Three potential defenses for those charged with a DWI in MN

Those who are wrongly accused of a DWI in Minnesota have options. Defenses, including the three broad examples discussed in this piece, can help you defeat the charges.

It is illegal to operate a motor vehicle when under the influence of alcohol in Minnesota. This law is not a novel concept, and most people agree that it is designed to help better ensure the safety of the state's roadways.

Although the purpose of the law is noble, the application may not always meet this same standard. There are situations when drivers are falsely accused of driving while under the influence. If you believe that you were falsely accused of violating this law, you have options. One option is to fight the charges.

How can I fight DWI charges in Minnesota?

Various defenses against driving while impaired (DWI) are available. Three examples that are generally taken into consideration for a DWI case include:

  • Improper stop. As discussed in a previous article, police cannot randomly stop drivers. They must have reasonable suspicion of criminal activity to support the stop. When it comes to allegations of drunk driving, one potential reason to support a stop would be the observation of erratic driving. This could include failing to stop at a stop sign, swerving into other lanes or oncoming traffic or driving at a very slow speed. If the officer cannot point to any solid evidence to support the stop, any information gathered during the stop is likely inadmissible. If the stop resulted in a blood or breath test that establish the driver is over the legal limit, the results are not likely allowed in court. As a result, it is unlikely any charges made after an invalid stop would survive a challenge.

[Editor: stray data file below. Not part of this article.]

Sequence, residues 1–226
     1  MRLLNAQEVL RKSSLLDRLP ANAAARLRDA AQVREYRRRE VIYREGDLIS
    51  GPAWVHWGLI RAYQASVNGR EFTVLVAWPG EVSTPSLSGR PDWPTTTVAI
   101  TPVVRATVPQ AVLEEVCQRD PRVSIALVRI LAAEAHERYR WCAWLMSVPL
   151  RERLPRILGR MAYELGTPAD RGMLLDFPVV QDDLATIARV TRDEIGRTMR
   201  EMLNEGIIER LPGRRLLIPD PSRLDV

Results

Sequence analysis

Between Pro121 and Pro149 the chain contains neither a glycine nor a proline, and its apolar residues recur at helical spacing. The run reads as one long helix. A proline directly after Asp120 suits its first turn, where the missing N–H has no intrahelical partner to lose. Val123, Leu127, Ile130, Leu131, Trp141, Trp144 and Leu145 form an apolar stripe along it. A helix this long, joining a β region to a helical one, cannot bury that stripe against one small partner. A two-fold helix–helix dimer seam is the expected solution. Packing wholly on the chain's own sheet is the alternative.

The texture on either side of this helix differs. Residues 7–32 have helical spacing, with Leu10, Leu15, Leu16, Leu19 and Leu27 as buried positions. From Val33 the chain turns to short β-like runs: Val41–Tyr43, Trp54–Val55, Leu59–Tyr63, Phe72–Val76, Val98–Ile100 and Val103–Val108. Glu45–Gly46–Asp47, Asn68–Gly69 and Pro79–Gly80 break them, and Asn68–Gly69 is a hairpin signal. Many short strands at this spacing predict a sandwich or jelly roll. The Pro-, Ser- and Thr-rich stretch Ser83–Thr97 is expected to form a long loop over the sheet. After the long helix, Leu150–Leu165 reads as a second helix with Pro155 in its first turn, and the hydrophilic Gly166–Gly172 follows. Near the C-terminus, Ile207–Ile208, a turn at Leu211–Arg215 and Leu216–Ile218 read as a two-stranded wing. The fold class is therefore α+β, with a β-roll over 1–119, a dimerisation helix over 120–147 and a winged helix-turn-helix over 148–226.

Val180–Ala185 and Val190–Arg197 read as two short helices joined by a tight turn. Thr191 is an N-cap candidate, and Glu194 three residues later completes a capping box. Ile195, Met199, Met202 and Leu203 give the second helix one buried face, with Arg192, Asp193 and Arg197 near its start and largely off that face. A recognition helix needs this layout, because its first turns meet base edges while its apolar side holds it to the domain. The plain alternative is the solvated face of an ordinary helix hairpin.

• Faulty administration of tests. Officers making a DWI stop may conduct a number of different tests to determine if the driver was intoxicated. This could include a field sobriety or blood alcohol test. Administration of either test requires the officer follow certain protocol. A failure to do so could skew the results. In cases where the officer deviated from expected protocol the results of the tests may be inadmissible.
  • Evidence issues. In the case of a blood draw to determine the blood alcohol concentration of the driver, the evidence (blood) must be carefully handled. If it is mishandled the results could be inaccurate, again leading to findings that may not be admissible in court.

If successful, each of the examples above results in inadmissible evidence, essentially defeating the charges. However, it is important to note that the examples are broad. In most cases, a defense must be tailored to the driver's unique situation in order to find success. As such, those face charges of drunk driving are wise to seek legal counsel. Your DWI lawyer can craft a defense to fit your case, better ensuring a more favorable outcome.